Illustration for article titled What does a show owe its fans?

How much influence should fans have on the direction of a show? And what happens when the plans of the writers and the desires of the fans conflict?


The influence of fans on a beloved series isn't new — Arthur Conan Doyle famously brought a dead Sherlock back to life under pressure from fans, and today shows like Community will handily toss in a couple references to the fans watching at home.

Still, there can also be a dark side to the interaction, says Wired:

Larsen and Zubernis say producers need to start treading more lightly when it comes to superficial titillation, because fans are quick to smell a rat. "That kind of affectionate, 'nod-nod, wink-wink' fan service that shows started to do a while ago has been done for so long that it causes a rift sometimes between fans and producers," says Zubernis . . . As friendly as that fan-creator relationship may seem, it's actually a delicate thing. And in the end, Zubernis and Larsen say, it's mostly artifice. "[The relationship] seems a lot more reciprocal and closer than it is, which is an artifact of the way social media, especially Twitter, makes fans feel," says Zubernis. "I always stay on Twitter when a Supernatural episode is airing, and the actors and the writers and directors are usually on [Twitter], and I see what it does to fans when somebody answers their tweet. There's a need, I think, to feel like, 'They're listening to me; I'm important.' That's a normal psychological response, but it's not actually true; it's wishful thinking. It's a constructed intimacy that's not really intimate at all."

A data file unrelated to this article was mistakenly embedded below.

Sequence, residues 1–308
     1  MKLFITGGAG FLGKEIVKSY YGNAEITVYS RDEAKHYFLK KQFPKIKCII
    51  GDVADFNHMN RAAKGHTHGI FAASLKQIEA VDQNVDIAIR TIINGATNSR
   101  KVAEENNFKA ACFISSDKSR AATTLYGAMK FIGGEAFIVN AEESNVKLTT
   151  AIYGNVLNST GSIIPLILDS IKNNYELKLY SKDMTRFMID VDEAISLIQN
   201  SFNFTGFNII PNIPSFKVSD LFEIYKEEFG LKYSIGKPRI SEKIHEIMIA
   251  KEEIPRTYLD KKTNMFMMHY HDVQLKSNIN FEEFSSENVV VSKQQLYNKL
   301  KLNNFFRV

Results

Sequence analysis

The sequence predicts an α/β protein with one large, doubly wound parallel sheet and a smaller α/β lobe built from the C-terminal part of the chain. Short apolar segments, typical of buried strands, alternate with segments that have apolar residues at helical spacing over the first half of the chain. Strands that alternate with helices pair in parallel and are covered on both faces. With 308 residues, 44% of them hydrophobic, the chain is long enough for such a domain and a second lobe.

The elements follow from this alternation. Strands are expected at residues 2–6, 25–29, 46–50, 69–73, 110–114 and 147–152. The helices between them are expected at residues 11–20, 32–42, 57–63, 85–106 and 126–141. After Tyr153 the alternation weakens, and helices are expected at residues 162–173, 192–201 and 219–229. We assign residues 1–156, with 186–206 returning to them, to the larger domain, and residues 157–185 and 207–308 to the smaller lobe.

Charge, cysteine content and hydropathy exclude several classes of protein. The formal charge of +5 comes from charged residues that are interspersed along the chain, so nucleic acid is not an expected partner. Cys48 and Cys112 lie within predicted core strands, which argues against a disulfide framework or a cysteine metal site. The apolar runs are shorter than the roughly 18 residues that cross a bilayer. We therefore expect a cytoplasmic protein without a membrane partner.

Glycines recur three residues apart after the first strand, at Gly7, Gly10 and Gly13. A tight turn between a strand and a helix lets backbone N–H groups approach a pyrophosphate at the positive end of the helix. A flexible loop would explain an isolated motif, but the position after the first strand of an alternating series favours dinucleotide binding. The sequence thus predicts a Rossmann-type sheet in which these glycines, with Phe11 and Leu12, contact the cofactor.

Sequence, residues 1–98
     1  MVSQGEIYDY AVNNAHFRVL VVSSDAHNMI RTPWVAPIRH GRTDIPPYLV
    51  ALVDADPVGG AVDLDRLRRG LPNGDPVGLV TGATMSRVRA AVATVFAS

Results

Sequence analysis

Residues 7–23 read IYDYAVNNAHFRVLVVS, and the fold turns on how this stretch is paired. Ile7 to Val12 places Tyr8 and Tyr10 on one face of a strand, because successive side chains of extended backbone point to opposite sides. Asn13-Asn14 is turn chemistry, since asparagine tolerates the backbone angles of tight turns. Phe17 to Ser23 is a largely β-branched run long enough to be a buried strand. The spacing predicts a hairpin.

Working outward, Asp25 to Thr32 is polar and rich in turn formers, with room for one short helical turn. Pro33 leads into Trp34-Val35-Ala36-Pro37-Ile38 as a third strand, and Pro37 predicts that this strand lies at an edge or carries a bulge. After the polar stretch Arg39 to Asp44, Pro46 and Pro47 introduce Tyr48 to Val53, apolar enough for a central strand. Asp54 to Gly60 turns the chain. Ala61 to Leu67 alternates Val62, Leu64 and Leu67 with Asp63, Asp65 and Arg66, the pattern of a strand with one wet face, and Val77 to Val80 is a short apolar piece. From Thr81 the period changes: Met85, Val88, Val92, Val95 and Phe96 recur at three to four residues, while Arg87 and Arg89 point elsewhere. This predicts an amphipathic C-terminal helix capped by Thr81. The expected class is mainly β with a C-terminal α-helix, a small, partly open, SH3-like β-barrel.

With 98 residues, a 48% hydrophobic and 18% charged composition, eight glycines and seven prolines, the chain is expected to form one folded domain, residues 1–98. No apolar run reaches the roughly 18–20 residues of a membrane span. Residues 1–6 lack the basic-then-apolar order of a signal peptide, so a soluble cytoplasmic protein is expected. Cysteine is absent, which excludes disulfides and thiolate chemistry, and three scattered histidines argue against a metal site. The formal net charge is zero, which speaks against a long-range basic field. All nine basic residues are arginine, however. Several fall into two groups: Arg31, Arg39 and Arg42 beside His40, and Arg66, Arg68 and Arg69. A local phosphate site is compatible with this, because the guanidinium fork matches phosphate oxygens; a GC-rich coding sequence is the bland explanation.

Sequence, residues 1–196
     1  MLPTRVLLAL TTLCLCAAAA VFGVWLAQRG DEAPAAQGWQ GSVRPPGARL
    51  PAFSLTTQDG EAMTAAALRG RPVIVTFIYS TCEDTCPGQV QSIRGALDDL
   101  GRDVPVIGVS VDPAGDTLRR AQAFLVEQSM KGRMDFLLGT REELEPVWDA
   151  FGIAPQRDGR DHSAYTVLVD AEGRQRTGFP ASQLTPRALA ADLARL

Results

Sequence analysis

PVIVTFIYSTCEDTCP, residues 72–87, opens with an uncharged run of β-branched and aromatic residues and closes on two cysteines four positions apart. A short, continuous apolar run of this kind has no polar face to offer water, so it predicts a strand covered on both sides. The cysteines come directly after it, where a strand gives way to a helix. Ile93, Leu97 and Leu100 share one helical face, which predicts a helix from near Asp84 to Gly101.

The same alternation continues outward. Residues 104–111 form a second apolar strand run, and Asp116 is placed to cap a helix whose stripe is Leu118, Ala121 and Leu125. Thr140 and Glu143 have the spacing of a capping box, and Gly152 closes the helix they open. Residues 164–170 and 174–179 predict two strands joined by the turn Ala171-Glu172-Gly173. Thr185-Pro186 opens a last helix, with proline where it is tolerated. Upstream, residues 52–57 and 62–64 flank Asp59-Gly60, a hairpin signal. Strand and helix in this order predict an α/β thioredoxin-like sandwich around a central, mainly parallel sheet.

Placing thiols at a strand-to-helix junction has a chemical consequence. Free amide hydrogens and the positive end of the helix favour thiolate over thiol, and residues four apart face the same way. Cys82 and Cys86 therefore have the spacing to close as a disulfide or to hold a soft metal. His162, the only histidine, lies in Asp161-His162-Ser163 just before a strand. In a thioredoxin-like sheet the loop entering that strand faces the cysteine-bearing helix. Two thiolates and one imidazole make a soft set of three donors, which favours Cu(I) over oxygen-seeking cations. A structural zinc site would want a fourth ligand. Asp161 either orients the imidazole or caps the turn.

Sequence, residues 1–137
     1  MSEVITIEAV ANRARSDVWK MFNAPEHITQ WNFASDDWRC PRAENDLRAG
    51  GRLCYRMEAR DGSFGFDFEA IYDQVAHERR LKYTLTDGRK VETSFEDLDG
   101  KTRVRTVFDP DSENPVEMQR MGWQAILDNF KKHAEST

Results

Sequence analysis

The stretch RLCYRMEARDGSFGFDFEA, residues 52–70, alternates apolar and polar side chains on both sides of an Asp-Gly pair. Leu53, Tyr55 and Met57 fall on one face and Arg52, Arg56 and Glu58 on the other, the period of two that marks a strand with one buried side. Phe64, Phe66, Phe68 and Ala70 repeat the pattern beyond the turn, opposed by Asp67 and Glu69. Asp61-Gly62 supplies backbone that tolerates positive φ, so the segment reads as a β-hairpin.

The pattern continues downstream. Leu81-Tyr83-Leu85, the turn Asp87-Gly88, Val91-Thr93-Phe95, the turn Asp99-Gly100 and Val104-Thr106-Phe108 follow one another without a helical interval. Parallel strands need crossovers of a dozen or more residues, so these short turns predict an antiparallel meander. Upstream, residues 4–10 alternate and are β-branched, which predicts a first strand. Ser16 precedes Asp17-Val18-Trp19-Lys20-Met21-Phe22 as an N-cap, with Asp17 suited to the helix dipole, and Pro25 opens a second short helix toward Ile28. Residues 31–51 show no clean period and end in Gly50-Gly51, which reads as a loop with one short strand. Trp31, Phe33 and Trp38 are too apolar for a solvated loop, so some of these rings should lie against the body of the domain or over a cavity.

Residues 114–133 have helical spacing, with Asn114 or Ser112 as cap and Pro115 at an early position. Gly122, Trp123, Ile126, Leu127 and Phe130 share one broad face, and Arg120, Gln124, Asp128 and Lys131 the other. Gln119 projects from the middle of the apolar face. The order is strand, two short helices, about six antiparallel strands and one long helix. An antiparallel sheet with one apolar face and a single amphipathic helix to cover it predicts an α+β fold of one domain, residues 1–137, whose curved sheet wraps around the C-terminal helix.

As a fan, how much influence do you want to have over the direction of a show? And what shows strike the perfect balance of listening to fans, while still surprising them?

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